Dashne Murad, 23, wears figure-hugging bodices, skimpy skirts and plunging necklines as she writhes to the rhythm of songs fusing Kurdish and Western beats -- in the way that Shakira has drawn inspiration from her Middle Eastern heritage.
Mosque preachers have railed against Murad and some TV channels have refused to broadcast her clips because they consider her gyrating dances and revealing clothing to be an offense to Kurdish morals.
But Murad refuses to be deterred, and says she will press ahead with her mission to transform Kurdish culture.
"I want to change Kurdish style," she said in an interview in Erbil, the Kurdish regional capital. "I want the youth to see my dance. I want to present something distinctive, far from the half-dead old style."
The northern region of Kurdistan is the safest part of Iraq, and Kurds pride themselves on the development and investment that have distinguished it from the rest of the country. But the mostly Muslim enclave is also deeply conservative, and social traditions such as honor killings and in some places female circumcision still persist.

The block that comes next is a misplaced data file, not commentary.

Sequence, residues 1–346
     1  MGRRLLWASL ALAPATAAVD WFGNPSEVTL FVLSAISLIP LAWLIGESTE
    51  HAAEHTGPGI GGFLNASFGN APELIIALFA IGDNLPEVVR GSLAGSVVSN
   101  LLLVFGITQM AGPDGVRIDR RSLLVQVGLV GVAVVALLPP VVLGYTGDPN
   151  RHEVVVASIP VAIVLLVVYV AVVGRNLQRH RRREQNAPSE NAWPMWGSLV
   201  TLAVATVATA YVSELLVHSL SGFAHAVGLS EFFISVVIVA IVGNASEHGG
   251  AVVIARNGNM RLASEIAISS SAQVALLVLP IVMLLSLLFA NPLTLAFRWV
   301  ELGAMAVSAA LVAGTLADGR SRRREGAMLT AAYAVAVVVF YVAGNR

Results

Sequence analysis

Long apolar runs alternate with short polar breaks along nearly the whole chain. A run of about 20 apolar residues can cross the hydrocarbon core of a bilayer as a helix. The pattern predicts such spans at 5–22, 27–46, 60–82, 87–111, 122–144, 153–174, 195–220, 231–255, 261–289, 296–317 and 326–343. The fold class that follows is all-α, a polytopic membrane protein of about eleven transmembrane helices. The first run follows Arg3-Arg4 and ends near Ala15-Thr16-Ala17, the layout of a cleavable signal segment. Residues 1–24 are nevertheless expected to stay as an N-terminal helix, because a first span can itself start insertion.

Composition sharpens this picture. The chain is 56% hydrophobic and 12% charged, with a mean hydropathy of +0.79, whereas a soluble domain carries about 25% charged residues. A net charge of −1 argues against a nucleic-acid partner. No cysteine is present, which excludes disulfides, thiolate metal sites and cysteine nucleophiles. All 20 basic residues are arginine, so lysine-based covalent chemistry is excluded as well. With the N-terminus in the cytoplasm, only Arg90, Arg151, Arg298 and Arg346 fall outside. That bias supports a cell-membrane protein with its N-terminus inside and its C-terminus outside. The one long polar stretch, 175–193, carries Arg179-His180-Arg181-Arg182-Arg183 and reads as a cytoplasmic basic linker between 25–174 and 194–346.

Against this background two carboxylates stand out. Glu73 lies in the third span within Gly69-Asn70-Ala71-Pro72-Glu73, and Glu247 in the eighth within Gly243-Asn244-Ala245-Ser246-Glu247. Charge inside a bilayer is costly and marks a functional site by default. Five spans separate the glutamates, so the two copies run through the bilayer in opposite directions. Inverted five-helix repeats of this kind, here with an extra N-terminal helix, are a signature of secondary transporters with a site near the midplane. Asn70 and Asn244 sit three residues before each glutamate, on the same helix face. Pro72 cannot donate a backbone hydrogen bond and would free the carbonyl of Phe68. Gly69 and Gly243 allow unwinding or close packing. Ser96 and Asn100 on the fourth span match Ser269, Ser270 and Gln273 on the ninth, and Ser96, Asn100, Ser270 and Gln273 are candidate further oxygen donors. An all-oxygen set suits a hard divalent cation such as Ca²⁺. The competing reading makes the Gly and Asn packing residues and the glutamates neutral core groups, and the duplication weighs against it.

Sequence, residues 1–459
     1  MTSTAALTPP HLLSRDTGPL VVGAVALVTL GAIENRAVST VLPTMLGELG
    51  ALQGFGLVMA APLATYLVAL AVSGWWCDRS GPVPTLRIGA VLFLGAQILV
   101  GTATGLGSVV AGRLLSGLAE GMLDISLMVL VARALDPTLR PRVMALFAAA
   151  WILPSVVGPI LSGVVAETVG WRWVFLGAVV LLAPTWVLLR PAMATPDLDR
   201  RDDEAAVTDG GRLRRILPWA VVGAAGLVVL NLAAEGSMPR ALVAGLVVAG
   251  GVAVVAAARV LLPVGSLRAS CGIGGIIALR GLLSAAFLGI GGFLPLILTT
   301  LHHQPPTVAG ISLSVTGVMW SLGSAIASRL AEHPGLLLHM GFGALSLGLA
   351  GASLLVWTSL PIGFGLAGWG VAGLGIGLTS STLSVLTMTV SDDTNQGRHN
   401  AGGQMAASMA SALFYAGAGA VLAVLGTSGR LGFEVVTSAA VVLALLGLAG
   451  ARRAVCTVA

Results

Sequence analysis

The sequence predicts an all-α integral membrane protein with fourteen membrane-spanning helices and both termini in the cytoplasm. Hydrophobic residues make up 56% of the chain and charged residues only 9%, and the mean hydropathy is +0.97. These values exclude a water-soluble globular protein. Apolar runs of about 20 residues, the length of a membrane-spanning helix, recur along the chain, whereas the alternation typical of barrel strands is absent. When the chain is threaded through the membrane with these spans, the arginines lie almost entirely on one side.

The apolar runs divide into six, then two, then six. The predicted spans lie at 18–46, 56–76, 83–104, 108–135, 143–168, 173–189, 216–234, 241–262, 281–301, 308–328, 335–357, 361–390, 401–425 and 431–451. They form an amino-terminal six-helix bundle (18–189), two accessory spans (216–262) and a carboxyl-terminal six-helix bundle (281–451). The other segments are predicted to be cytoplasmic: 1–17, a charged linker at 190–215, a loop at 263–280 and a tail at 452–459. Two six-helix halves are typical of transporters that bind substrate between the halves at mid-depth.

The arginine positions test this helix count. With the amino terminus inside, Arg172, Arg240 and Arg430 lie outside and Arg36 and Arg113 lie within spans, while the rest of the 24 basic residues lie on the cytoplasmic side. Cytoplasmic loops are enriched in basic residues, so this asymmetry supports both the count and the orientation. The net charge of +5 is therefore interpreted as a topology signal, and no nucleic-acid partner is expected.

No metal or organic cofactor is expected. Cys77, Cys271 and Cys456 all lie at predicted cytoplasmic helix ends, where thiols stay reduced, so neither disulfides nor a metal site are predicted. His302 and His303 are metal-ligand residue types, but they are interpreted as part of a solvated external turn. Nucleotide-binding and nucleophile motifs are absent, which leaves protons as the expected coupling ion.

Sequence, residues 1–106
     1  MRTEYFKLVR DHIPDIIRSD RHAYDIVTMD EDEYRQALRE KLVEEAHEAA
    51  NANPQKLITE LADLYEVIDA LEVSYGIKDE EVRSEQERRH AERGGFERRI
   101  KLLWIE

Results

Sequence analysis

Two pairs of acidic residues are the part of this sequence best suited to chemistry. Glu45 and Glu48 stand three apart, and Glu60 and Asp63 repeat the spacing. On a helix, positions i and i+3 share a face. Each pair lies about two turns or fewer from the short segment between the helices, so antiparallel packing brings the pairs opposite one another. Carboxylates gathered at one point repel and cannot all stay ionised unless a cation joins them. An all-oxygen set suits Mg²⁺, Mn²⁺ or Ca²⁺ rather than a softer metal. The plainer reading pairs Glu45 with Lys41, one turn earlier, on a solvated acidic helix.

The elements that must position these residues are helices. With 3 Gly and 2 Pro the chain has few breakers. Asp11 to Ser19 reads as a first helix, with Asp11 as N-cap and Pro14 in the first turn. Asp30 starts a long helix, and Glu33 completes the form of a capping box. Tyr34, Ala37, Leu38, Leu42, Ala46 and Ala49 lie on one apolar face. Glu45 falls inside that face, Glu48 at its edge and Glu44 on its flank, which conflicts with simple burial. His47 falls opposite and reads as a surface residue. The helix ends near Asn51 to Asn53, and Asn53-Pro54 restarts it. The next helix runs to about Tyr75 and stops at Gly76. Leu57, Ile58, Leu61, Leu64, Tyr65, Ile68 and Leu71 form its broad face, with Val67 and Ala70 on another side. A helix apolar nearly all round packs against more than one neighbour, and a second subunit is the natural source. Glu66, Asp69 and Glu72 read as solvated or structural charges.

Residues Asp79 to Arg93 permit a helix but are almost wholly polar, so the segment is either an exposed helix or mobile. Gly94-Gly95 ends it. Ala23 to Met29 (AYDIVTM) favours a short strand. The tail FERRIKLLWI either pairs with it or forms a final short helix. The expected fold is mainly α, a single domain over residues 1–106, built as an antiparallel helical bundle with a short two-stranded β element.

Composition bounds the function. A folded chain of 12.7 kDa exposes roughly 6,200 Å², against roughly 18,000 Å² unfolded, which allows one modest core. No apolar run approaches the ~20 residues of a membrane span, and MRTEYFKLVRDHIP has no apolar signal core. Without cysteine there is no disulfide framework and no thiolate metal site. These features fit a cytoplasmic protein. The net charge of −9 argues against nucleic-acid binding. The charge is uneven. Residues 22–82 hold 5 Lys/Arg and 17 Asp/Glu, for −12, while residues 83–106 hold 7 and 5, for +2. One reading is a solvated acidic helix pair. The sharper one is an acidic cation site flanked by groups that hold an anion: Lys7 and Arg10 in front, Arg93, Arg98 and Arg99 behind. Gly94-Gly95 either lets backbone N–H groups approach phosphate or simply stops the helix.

Murad moved with her parents to Holland when she was 9, and grew up exposed to Western influences. She first came to attention as the presenter of a TV show broadcast from Europe in Kurdish called "No Control," in which she made surprise visits to ordinary families and interviewed them.
Recently she returned to Kurdistan, and she now divides her time between Europe and her homeland.
"Dashne plays with fire in closed society," said Karazan Ali, 30, who is one of her fans. "I admire her courage."